Hampshire 227 for 4 (Lumb 72*, Pothas 4*) v Yorkshire

Despite the time of year, there was no end-of-season atmosphere at Headingley in the final match of the season. Over a thousand spectators turned out to watch and the players of both teams fought hard for supremacy. A fine unbeaten innings of 72 by the former Yorkshireman, Michael Lumb, was probably the most impressive individual feat of the day but, with the first session rather controversially lost to bad light, neither side could claim to have finished with a real advantage.

The morning was dry, but at the scheduled start of play the light was very dismal, and it was announced that play would not begin until it improved. Over the next hour it did so gradually, and soon everybody seemed to think it was fit for play - except the umpires, Nigel Cowley and Martin Bodenham. The spectators grew increasingly restive and vociferous, and there were a couple of angry altercations with the umpires and other officials. Finally an early lunch was announced and play started at one o'clock, when the light looked no different than it had more than an hour earlier. Once again, cricket's public relation skills were sadly missing and finicky umpires were responsible. When cricket is played late in September, it should be accepted that indifferent light is a regular natural hazard which needs to be endured at times.

Yorkshire put Hampshire in to bat when they won the toss, and there was speculation that this might be a tactical move. Yorkshire need six points from this match to make certain they will stay in the top division, and by bowling first they will be able to assess how many batting points they need to aim for. Victory therefore is perhaps a minor objective. Dion Kruis was given the honour of leading Yorkshire on to the field in his final match for the county, and it was a pleasant moment as he modestly raised his cap and acknowledged the crowd for the ovation they accorded him.

Jimmy Adams and Liam Dawson gave Hampshire a sound start against some good bowling by Matthew Hoggard, who swung the ball in his opening spell and beat the bat several times. They applied themselves with real determination, with Adams the more fluent to start with. Dawson started very slowly, but then began to open out with some attractive drives, hitting Hoggard for three fours in an over when he returned for a much less impressive second spell. But when David Wainwright came on, Dawson flicked him straight to midwicket to depart for 45; the opening stand realized 95.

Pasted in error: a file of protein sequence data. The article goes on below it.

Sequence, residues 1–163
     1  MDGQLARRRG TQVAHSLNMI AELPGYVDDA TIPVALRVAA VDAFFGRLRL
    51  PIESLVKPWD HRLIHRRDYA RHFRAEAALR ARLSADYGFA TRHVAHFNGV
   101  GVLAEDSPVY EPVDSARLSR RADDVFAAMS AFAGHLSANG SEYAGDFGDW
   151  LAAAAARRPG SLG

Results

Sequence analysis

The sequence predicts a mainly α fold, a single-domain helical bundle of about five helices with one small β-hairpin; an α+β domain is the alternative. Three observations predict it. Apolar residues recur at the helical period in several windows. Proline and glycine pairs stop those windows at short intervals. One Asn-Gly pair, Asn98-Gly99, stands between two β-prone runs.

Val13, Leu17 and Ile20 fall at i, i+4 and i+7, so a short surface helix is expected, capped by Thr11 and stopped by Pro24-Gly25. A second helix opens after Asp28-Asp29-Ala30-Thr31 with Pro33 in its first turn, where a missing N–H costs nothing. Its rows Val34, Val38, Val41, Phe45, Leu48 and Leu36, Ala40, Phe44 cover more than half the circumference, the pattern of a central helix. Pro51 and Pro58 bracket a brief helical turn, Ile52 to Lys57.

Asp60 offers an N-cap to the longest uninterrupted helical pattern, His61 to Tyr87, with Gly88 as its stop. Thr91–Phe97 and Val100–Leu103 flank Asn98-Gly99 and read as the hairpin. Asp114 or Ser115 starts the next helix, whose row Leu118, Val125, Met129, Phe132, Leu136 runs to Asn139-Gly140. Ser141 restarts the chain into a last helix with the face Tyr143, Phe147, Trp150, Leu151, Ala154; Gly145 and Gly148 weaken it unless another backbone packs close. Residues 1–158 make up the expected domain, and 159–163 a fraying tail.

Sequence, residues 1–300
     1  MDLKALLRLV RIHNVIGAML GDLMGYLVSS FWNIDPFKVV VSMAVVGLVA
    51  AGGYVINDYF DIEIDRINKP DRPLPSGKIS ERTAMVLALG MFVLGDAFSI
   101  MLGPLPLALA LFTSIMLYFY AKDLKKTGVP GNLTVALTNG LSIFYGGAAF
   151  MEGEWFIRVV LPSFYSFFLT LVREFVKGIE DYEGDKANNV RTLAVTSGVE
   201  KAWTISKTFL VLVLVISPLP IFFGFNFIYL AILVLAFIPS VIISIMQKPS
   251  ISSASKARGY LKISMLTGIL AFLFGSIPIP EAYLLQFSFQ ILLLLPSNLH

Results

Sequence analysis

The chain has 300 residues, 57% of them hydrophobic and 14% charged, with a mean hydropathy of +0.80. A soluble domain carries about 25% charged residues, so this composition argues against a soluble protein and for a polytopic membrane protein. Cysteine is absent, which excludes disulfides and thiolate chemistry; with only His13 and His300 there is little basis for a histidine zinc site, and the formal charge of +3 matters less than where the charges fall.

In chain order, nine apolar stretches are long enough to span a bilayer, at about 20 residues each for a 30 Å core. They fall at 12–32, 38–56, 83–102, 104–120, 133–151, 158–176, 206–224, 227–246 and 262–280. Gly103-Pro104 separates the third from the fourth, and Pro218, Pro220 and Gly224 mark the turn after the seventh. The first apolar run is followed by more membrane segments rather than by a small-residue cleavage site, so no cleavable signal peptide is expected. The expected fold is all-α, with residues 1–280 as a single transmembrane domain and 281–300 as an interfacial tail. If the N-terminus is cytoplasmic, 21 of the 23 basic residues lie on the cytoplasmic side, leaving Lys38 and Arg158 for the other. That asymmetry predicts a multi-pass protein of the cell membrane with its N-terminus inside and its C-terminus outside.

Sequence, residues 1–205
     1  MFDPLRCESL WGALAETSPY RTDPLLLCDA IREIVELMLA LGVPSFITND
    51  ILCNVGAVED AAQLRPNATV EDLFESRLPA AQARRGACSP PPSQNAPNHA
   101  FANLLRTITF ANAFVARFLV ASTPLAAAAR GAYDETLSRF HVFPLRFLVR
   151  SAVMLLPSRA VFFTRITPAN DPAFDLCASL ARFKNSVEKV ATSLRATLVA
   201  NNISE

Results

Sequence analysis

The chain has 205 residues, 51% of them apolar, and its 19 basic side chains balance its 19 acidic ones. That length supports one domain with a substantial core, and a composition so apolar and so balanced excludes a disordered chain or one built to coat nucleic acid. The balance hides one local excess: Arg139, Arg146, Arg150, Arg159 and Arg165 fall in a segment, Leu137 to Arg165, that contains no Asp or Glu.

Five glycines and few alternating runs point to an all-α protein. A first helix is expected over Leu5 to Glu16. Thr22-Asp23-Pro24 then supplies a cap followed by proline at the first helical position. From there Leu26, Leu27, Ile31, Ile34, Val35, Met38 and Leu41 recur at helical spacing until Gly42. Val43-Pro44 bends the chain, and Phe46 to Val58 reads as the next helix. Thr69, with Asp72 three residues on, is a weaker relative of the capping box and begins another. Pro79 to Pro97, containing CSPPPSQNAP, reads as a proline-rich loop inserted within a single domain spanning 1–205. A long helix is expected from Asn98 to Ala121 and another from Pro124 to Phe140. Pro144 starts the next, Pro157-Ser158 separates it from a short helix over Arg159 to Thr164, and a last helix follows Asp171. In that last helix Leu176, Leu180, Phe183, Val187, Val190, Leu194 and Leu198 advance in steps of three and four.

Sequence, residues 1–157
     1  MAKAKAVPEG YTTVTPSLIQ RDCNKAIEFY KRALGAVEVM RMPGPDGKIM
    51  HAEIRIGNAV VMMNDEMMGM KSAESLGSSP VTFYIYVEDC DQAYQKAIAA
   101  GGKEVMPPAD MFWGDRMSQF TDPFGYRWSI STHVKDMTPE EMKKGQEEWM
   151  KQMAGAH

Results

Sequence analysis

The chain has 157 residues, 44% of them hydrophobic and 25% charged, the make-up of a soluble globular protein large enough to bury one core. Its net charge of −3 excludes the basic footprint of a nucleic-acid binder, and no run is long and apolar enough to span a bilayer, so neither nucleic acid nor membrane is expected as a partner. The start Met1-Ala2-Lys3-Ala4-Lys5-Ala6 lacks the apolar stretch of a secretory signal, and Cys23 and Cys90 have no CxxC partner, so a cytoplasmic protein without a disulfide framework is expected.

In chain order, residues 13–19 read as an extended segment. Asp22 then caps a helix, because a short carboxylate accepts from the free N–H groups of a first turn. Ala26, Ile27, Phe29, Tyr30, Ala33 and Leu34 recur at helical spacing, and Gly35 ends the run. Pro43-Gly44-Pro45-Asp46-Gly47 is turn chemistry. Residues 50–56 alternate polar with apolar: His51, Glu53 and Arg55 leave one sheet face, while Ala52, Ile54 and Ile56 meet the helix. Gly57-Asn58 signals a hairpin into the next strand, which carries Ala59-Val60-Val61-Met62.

Adams reached his fifty just before tea, off 104 balls, but didn't get going after the interval, playing on to Kruis for 51. Runs for a while almost dried up as Kruis and Wainwright bowled with accuracy and purpose to Lumb and Chris Benham, but the old axiom is that if you stay in, the runs will come. As the two stayed, the result was an intriguing battle between bat and ball. In the end, they added 42, and then Benham edged a ball from Ajmal Shahzad high into the slips, where Anthony McGrath pulled down a fine catch.

Sean Ervine got off the mark fortuitously, edging an involuntary boundary that just evaded the slips. But now runs began to come more freely, with Lumb looking to carry the attack to the bowlers, mainly by powerful driving. Another delectable cover drive, off Hoggard, took him to his half-century off 80 balls. Ervine played fluently from the start, and Hampshire were again in the ascendancy. But Yorkshire did not wilt, and Shahzad in particular bowled well without luck in the evening sun. But their efforts brought reward in the end, as Ervine flashed loosely outside the off stump, edging a ball from McGrath to the keeper.

For an 'occasional' bowler McGrath bowled some good deliveries and could well have secured more victims; his medium-pacers were deceptive and he even indulged in a few bouncers. But Yorkshire were unable to break through again, and the day finished well balanced, with every prospect of an intriguing battle ahead.